California water tunnel hangs over budget talks as legislators challenge Gov. Newsom’s plan

Jun 15, 2023, 8:41 AM

FILE – A sign opposing a plan to build a giant tunnel to ship water to Southern California is dis...

FILE – A sign opposing a plan to build a giant tunnel to ship water to Southern California is displayed near Freeport, California, on May 2, 2016. California Gov. Gavin Newsom has a plan to speed up some construction projects throughout the state. But some lawmakers and environmental advocates fear his plan would benefit the tunnel project, which they oppose. (AP Photo/Rich Pedroncelli, file)

(AP Photo/Rich Pedroncelli, file)

SACRAMENTO, Calif. (AP) — California Gov. Gavin Newsom is pushing the state Legislature to tackle what has long been one of the biggest gripes about government: Taking far too long to build things like roads and bridges.

But Newsom’s plan to cut through red tape has slowed in the state Legislature, where some lawmakers fear his true motive is to favor a single project — the long-delayed and long-disputed plan to build a giant tunnel to re-route how the state moves water from north to south. The tunnel reflects the tension between arid Southern California, where most of the people live, and Northern California, the source of most of the state’s water.

Newsom is seeking major changes to the state’s building and permitting process. He wants to make it easier and faster to build a slew of projects, from solar, wind and battery power storage to road maintenance and bridge repairs. His administration denies that the changes are aimed at expediting the tunnel. But as budget negotiations speed toward a deadline, debates over his plan have repeatedly turned to the tunnel.

“I think it’s more than the elephant in the room,” said Assemblymember Rebecca Bauer-Kahan, a Democrat who represents Contra Costa County in Northern California, told the Newsom administration during a public hearing last week.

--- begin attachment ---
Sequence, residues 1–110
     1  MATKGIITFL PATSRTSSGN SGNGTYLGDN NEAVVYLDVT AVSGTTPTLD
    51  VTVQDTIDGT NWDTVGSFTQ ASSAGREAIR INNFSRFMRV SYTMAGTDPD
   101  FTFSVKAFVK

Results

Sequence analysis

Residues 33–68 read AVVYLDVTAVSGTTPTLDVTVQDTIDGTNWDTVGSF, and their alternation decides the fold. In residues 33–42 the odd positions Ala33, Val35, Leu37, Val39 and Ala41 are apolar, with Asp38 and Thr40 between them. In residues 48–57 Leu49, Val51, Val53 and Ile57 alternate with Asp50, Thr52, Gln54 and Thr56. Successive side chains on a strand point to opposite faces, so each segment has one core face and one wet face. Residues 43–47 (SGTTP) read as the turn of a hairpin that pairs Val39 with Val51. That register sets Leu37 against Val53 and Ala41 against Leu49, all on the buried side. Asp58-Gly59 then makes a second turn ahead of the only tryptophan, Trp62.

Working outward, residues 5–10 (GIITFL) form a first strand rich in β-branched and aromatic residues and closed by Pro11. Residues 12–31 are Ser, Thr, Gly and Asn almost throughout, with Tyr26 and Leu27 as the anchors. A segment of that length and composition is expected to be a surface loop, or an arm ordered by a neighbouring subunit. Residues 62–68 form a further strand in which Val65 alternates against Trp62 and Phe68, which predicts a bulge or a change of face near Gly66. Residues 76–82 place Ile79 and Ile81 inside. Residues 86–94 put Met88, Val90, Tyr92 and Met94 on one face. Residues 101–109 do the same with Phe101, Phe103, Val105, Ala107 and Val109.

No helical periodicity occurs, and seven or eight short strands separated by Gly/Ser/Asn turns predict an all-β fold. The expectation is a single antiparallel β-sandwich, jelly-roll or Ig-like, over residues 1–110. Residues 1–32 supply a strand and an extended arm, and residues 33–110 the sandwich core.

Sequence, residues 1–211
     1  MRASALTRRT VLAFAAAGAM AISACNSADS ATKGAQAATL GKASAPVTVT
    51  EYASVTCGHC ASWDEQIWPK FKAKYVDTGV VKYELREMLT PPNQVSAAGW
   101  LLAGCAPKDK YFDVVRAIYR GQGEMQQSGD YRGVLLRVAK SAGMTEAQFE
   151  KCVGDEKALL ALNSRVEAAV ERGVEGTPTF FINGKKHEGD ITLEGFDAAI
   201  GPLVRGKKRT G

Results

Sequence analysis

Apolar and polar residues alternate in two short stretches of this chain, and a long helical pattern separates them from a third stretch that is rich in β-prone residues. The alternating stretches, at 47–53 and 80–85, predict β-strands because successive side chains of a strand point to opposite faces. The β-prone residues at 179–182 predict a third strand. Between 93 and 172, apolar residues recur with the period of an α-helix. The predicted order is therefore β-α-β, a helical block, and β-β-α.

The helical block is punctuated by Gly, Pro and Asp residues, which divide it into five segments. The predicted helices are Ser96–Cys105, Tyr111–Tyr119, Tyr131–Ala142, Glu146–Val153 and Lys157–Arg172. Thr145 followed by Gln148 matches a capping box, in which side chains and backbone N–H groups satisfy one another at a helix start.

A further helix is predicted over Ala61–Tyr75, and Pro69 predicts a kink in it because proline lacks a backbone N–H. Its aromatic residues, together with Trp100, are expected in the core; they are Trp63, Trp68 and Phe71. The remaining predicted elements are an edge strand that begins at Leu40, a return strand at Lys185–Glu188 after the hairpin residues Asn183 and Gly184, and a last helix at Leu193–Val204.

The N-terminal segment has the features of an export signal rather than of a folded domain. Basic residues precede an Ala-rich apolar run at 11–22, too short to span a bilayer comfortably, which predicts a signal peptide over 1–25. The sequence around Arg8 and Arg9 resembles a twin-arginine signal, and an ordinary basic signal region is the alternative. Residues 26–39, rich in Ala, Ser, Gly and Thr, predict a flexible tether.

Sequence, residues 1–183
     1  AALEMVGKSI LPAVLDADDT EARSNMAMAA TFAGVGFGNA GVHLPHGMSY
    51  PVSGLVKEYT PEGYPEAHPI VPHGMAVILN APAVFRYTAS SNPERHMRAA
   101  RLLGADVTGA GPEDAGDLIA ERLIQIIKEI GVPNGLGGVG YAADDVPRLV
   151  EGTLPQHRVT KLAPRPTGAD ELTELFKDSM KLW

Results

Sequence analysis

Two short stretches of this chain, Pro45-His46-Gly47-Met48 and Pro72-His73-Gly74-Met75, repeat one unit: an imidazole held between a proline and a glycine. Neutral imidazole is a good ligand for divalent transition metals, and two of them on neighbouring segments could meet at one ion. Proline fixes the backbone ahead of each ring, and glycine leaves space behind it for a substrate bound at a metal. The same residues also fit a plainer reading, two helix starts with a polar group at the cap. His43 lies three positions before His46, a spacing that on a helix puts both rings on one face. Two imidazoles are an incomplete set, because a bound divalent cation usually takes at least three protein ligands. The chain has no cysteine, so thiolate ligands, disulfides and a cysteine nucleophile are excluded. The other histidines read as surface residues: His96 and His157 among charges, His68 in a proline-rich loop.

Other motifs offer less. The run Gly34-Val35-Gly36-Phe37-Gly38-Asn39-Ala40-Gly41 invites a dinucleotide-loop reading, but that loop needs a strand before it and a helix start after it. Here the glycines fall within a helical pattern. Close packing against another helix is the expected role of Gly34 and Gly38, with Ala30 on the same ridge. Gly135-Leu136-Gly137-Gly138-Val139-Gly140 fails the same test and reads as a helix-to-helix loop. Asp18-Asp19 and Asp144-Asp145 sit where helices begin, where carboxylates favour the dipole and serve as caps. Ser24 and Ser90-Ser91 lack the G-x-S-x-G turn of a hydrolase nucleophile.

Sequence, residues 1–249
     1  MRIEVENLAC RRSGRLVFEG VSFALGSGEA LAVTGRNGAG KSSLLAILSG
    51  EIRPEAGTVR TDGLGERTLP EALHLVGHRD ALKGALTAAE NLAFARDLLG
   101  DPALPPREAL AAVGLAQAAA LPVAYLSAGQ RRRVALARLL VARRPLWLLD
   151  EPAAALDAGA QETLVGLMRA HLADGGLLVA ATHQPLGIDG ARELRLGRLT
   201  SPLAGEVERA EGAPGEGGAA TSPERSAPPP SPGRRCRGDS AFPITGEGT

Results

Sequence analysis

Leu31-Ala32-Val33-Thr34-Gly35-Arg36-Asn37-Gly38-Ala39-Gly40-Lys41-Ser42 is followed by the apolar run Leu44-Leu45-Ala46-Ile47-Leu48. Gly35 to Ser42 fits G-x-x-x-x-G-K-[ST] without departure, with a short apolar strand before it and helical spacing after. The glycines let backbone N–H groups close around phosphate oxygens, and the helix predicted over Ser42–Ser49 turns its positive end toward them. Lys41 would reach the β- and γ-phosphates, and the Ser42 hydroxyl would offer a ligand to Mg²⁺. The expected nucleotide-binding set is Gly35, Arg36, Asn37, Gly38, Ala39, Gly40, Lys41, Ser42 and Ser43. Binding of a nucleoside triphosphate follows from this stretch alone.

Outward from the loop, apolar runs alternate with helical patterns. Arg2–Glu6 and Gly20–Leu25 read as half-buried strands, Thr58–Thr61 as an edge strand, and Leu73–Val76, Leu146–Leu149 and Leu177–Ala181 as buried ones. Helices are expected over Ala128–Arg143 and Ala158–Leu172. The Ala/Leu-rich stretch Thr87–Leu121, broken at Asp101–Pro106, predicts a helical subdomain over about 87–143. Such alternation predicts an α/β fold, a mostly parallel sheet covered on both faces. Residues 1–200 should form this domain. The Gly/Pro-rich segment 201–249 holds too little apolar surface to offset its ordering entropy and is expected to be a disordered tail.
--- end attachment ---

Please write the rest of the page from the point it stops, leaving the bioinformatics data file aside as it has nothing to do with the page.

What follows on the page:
Democrats who control the state Legislature were expected Thursday to pass their own version of the state budget without including Newsom’s proposed changes on building and permitting. It’s a placeholder until legislative leaders can strike a deal with Newsom by the end of the month.

Most of California’s water comes from rain and snow that falls in the northern part of the state, with rivers cascading down the Sierra Nevada on their way to the Pacific Ocean. California has a complex system of dams, reservoirs and canals that divert water for drinking and farming.

Supporters say the project, commonly known as the Delta tunnel, is a much-needed update of that water delivery system, which they say is not equipped to handle periods of prolonged drought followed by intense storms, like what happened earlier this year when the state was hit by roughly a dozen atmospheric rivers.

But the Delta tunnel has strong opposition among the five counties that comprise the Sacramento/San Joaquin River Delta region. They fear construction of the 45-mile (72 kilometer) underground tunnel directly connecting the Sacramento River to the California Aqueduct will destroy valuable farmland and deny threatened species of fish like the Delta smelt and winter-run Chinook salmon the river water they need to survive.